*1843-O Large Letters: The more common of the two. A reasonably available issue in EF; available in the lower AU grades but becomes rare in AU55. Generally well struck with good luster.

*1845-O: Available in EF grades but harder to find than many more expensive C+D half eagles of this era. Generally well struck but often very abraded. Worth a good premium with natural color.

*1846-O: Harder to find than the 1845-O but comparable in rarity below AU. For some reason, nice AU coins have become much more difficult to find than in the past. A really tough issue in crisp, wholesome AU55 and AU58.

*1851-O: Similar in rarity to the 1845-O and 1846-O so included with the 1840′s issues. Not quite as well struck as the last two but the luster tends to be good. Often seen dipped and worth a strong premium with natural color.

Given their lower mintage figures, one would expect the 1855-O, 1856-O and 1857-O to be scarcer than their counterparts from the 1840′s. All three of these are hard to find and, in my opinion, very undervalued in relation to Charlotte and Dahlonega issues from this era.

These three issues are comparable in rarity but I would rank them in this order: 1855-O, 1857-O and 1856-O.

The 1855-O, 1856-O and 1857-O are hard to find in problem-free, original EF grades but, when available, they can still be had to under $3,000 a coin. As an example, look at the 1855-O. Since 2009, there have been four EF45′s sold at auction. Prices for these have ranged from a low of $2,302 to a high of $2,700. In my opinion, that is very reasonable for a coin as rare as this.

The two common date No Motto half eagles from this mint are the 1844-O and the 1854-O. The 1844-O had a mintage over 364,600 and it is reasonably easy to locate in grades up to AU55. The 1854-O had a much lower mintage of 46,000. It is less rare than the 1851-O (which has a mintage of 41,000) and can be found in the EF40-AU50 range. In properly graded AU55 and AU58, it is scarce and undervalued.

My ideal set construction for this series would be as follows:

For the collector with a budget of $2,000-3,000 per coin, I would focus on obtaining EF40 to EF45 examples of the scarce dates and AU50 to AU55 examples of the more available ones. The 1842-O is going to require an outlay of at least $3,000-4,000 for a decent high end VF to EF coin. The 1847-O will be a bit more expensive but it is possible, with some patience and luck, to find one for around $5,000-6,000.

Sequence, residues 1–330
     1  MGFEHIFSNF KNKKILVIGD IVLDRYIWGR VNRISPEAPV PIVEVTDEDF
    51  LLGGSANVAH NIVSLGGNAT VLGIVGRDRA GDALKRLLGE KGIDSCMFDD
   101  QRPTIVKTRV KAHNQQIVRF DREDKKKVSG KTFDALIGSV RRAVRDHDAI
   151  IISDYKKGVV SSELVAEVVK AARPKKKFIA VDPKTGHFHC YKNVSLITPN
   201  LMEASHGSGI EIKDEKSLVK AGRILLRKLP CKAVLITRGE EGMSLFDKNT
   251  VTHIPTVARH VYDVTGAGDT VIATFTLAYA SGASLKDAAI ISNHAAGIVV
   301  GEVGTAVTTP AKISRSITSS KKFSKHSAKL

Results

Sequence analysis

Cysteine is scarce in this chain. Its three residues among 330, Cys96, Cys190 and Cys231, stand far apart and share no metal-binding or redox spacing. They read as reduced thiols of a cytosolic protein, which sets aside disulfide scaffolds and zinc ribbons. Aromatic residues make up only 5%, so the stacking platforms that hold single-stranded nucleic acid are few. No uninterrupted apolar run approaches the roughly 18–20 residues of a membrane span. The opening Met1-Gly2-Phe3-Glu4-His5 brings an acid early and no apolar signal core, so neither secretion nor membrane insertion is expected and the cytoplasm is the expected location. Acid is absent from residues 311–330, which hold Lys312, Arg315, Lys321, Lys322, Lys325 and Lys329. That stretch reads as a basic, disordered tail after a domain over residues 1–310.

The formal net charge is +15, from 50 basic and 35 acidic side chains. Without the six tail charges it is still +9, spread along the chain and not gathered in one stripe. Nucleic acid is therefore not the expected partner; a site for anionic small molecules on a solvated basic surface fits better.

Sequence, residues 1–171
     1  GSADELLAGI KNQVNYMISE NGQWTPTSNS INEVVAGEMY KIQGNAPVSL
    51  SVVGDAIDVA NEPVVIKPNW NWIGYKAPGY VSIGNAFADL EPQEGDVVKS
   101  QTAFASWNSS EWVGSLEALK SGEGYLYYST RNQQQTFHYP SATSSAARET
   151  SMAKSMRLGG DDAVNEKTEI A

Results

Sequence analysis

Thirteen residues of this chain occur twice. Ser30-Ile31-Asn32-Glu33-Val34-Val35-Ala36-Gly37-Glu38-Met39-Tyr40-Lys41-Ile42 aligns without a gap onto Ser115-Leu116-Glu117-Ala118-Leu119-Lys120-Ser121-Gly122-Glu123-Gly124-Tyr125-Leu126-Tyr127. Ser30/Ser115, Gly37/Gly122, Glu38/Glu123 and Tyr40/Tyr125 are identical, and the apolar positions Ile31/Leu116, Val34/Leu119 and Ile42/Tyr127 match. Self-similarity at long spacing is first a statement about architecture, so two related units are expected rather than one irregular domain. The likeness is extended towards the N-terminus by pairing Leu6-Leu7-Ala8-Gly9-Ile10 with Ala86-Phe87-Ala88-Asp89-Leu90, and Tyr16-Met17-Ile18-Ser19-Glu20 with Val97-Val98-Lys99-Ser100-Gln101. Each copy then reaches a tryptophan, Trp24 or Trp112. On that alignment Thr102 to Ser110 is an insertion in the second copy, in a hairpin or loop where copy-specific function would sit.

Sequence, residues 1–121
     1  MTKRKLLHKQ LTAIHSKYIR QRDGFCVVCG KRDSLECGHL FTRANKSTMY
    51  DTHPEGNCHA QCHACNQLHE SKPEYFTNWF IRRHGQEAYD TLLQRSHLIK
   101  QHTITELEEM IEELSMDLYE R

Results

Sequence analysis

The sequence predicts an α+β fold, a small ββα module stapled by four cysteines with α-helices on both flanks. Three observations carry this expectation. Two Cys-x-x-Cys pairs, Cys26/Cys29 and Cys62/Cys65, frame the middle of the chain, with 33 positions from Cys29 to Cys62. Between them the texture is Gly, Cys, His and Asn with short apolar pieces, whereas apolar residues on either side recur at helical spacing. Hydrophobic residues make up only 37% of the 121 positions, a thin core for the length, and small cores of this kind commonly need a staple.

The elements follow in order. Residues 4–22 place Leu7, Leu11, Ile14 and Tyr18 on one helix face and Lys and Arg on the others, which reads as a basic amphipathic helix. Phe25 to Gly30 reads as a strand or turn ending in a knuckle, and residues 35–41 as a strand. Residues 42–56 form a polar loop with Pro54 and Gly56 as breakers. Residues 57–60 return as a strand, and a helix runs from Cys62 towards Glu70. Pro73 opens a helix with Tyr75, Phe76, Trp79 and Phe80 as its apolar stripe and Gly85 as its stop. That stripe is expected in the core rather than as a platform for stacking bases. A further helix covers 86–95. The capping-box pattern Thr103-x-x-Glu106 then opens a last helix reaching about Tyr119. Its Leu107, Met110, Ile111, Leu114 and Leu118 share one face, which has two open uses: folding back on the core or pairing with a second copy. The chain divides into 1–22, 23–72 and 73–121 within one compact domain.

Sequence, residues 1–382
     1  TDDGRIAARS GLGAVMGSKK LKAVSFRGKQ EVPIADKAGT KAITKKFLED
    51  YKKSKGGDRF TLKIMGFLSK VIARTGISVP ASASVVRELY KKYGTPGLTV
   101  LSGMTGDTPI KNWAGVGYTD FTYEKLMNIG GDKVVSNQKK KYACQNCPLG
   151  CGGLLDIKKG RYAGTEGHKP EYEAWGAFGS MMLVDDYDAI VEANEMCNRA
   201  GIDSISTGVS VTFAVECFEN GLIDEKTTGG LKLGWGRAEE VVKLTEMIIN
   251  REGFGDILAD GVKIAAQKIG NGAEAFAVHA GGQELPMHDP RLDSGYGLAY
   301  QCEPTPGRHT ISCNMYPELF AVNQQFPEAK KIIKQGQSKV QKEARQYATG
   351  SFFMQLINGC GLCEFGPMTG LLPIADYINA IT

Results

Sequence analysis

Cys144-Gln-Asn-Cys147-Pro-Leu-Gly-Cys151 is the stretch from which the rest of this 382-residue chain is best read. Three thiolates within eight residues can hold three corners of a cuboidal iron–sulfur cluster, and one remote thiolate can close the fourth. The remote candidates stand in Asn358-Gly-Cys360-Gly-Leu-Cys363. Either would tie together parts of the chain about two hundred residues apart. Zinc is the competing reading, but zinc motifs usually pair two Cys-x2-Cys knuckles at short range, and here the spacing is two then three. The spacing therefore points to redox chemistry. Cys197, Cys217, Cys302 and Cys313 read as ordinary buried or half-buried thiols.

For the collector who has a budget of $5,000-10,000 per coin, I’d look at AU55 to AU58 examples of all the dates with the exception of the 1844-O (where I would stretch for an MS62 at $6,00-7,000) and the 1847-O (where I’d hope I can find a nice AU50 or AU53).

For the collector with a big budget of $10,000+ per coin, the focus would be on Uncirculated coins. The majority of the No Motto issues from New Orleans have fewer than a dozen known in Uncirculated. Two issues, the 1842-O and the 1847-O, are exceedingly rare and might not be available above AU55 to AU58 while the final three (1855-O, 1856-O and 1857-O) are not as impossible but are not exactly slouches.

As I mentioned above, this is a series that I think has a ton going for it. It doesn’t have the level of popularity which enshrouds the double eagles but it is easier to collect than the No Motto eagles from this mint and far more interesting than the gold dollars or quarter eagles.

No one–and I mean no one!–has handled more interesting No Motto New Orleans half eagles than I have. If this is a series which you want to collect, you should contact me by email at [email protected] and we can discuss it.

Doug Winter
Doug Winter
Doug Winter founded Douglas Winter Numismatics (DWN) in 1985. The nationally renowned firm specializes in buying and selling rare United States gold coins. He has written over a dozen books, including the standard references on Charlotte, Dahlonega, and New Orleans gold coinage, and Type 1 Liberty Head Double Eagles. Douglas has also contributed to the A Guidebook of United States Coins, Walter Breen’s Encyclopedia of United States and Colonial Coins, Q. David Bowers’ Encyclopedia of United States Silver Dollars, and Andrew Pollock’s United States Pattern and Related Issues. He is a member of the PNG, the ANA, the ANS, the NLG, CAC, PCGS, and NGC - among other professional affiliations. Contact Doug Winter at [email protected].